France's Grégory Bourdy gave the chasing pack a boost when he failed to build on a brilliant start to his Irish Open second round at Royal Portrush.
Joint overnight lead with Indian Jeev Milkha Singh, Bourdy eagled the long second and after ten holes had reached 13 under par - three clear of the field.
But then came bogeys at the 11th and 14th, both par threes, and the 30 year old's advantage was back down to one.
Italian Lorenzo Gagli was in second place on ten under after a 66 and Welshman Jamie Donaldson just one further back following a 67 that contained five successive birdies.
Home favourites Rory McIlroy and Darren Clarke both shot 69 to advance to five under and four under respectively.
For the World Number Two that prevented a fifth missed cut in his last six starts and on a course where he shot a record 61 as a 16 year old he knew he was capable of climbing in contention over the weekend.
Just to make the cut was important for Clarke - he has not managed that all season - but after closing with a 20 foot birdie putt he insisted there was no sense of relief because his sights are set higher than that.
His Open Championship defence is less than three weeks away and after a month out resting a groin strain he said: "It's important to have more competitive rounds under my belt - I'm just not tournament sharp.
"I started nicely today, but a bogey took the wind out of my sails and I couldn't give myself many chances after that.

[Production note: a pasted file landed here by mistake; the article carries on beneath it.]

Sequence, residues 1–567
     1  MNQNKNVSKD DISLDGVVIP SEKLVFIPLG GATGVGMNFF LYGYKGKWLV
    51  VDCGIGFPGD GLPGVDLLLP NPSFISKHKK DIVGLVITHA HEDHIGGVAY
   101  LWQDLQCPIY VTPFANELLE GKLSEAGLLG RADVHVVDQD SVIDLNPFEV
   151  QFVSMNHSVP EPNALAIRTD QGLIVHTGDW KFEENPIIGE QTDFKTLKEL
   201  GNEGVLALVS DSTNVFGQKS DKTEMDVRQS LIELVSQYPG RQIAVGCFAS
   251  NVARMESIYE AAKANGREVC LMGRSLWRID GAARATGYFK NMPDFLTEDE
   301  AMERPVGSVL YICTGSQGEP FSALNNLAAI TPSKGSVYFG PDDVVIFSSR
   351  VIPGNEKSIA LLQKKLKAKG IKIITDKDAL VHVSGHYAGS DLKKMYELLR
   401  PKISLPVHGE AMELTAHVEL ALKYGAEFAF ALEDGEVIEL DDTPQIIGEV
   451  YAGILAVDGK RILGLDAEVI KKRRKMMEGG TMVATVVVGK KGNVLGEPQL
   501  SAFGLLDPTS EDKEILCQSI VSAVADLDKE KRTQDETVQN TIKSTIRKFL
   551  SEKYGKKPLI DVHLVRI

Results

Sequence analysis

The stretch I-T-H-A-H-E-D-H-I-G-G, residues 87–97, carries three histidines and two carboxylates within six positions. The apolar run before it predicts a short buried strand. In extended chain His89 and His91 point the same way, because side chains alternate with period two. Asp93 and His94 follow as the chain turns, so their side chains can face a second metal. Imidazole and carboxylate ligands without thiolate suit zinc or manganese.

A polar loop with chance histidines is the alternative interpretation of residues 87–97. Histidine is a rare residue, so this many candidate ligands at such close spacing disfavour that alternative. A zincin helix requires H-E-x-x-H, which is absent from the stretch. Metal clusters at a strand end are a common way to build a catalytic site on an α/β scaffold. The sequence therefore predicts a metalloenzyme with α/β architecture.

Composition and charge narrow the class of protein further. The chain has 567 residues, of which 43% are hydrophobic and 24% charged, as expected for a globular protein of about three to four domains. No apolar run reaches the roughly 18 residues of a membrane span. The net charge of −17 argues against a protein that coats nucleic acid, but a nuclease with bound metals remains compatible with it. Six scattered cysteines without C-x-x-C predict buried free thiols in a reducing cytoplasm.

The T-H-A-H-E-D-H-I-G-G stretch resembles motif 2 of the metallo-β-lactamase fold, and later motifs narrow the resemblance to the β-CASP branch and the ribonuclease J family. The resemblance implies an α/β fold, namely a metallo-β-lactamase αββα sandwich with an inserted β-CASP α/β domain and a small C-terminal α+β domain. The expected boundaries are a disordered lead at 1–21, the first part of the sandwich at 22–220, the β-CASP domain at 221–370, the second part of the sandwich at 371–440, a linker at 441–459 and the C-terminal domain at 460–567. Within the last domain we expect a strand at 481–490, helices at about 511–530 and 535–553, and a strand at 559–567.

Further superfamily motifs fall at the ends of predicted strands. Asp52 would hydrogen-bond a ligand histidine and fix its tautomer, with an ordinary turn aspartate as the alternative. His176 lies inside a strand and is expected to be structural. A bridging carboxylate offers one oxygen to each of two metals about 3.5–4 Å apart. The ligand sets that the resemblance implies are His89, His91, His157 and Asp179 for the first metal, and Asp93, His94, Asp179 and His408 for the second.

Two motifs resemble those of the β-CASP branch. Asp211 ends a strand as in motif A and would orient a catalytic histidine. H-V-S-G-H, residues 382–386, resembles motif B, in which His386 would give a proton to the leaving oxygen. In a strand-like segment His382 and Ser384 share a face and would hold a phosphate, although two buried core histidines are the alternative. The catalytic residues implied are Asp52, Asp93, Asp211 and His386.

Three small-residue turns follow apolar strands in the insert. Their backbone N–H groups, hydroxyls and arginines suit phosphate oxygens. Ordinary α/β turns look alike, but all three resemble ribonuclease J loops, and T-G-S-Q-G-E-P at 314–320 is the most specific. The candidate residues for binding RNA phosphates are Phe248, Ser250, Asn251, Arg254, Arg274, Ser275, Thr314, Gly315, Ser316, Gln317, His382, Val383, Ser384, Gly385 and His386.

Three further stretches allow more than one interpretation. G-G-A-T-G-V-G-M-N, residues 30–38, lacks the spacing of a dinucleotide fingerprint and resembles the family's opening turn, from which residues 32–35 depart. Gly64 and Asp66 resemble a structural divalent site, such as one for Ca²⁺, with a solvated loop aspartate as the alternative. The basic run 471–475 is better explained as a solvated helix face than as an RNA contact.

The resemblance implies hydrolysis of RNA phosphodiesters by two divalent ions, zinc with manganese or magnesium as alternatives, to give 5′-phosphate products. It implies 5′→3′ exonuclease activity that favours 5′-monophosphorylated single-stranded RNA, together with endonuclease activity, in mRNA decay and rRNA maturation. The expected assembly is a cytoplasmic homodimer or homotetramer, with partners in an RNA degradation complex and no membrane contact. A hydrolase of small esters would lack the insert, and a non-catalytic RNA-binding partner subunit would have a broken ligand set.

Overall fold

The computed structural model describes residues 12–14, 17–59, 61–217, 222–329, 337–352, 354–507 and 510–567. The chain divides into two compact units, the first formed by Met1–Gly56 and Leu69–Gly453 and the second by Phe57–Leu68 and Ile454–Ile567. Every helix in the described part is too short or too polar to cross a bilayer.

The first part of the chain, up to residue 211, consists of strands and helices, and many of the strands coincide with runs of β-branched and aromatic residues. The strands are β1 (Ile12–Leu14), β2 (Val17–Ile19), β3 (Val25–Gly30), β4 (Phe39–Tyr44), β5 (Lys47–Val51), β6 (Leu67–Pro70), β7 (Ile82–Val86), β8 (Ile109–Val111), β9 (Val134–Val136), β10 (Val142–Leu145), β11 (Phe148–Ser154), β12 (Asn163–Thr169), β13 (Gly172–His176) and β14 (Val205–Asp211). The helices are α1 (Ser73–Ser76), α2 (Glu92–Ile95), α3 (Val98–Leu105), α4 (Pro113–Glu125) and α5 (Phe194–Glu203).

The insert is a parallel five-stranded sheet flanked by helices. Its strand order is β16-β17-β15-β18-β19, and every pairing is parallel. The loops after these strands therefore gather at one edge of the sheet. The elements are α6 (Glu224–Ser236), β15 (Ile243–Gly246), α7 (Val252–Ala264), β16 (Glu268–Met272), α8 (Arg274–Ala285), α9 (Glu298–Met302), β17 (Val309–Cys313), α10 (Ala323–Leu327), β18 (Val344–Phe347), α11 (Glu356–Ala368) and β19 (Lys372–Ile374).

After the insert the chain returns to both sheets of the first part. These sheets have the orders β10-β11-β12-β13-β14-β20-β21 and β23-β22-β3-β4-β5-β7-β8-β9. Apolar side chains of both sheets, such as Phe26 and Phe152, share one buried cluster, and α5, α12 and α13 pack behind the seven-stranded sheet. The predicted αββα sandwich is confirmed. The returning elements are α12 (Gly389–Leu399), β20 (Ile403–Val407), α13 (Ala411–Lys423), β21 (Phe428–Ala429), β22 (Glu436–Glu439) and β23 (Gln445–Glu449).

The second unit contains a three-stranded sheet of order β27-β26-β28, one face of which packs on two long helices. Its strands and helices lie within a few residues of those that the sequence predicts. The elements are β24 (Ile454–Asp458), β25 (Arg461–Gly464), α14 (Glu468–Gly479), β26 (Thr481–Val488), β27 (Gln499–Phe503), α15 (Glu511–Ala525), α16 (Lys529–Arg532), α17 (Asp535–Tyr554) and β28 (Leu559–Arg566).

"Conditions are getting harder and that's a good thing. Give these guys soft conditions and not that strong a wind and they will score low.
"But I've been surprised just how low it's been so far."
McIlroy, with girlfriend Caroline Wozniacki in attendance at the event after her Wimbledon first round defeat, said: "The last two days have probably been the best ball-striking rounds I've had for a while.
"I didn't do much wrong and hopefully I can have a good weekend. I need something around 64 or 65 to get myself into contention, but I've shot low scores here before.
"I'm hitting a lot of greens and if I take a few more chances I can turn a 69 into 65 very quickly."
Bourdy birdied the 17th for a 67 and two shot clubhouse lead, and again credited a practice round with Clarke on Tuesday for his impressive display.
“I didn't play so well at the start of the season, but I made a few good rounds,” said Bourdy, who is yet to register a top ten finish in 2012.
“I would like to just enjoy this week because it's a wonderful week. This week started very well on Tuesday, because I played with Darren in my practise round on this course. Darren has been great with me, he gave me a lot of advice, and maybe that gave me some confidence for the week, I don't know, but that's helped me for sure.
“I think because he knows the course very well, so on every shot he gave me an advice. Not many players will do that, so I asked a few times how he played a shot.
“The crowd is great - it's like in The British Open. I love the atmosphere because the crowds are clapping for every player, and no matter if you are French, Spanish or Irish; it's the same for every player.
“They know golf and they respect the game, and when you play good shots, they are clapping I think almost everybody the same, so it's great to see it. It's different at every tournament and we appreciate it a lot.”
Bourdy remained two ahead of Gagli in mid-afternoon, but Harrington continued to make a move. Birdies at the eighth, tenth and 12th took him into joint third on nine under with Donaldson, Mark Foster and Andrew Marshall.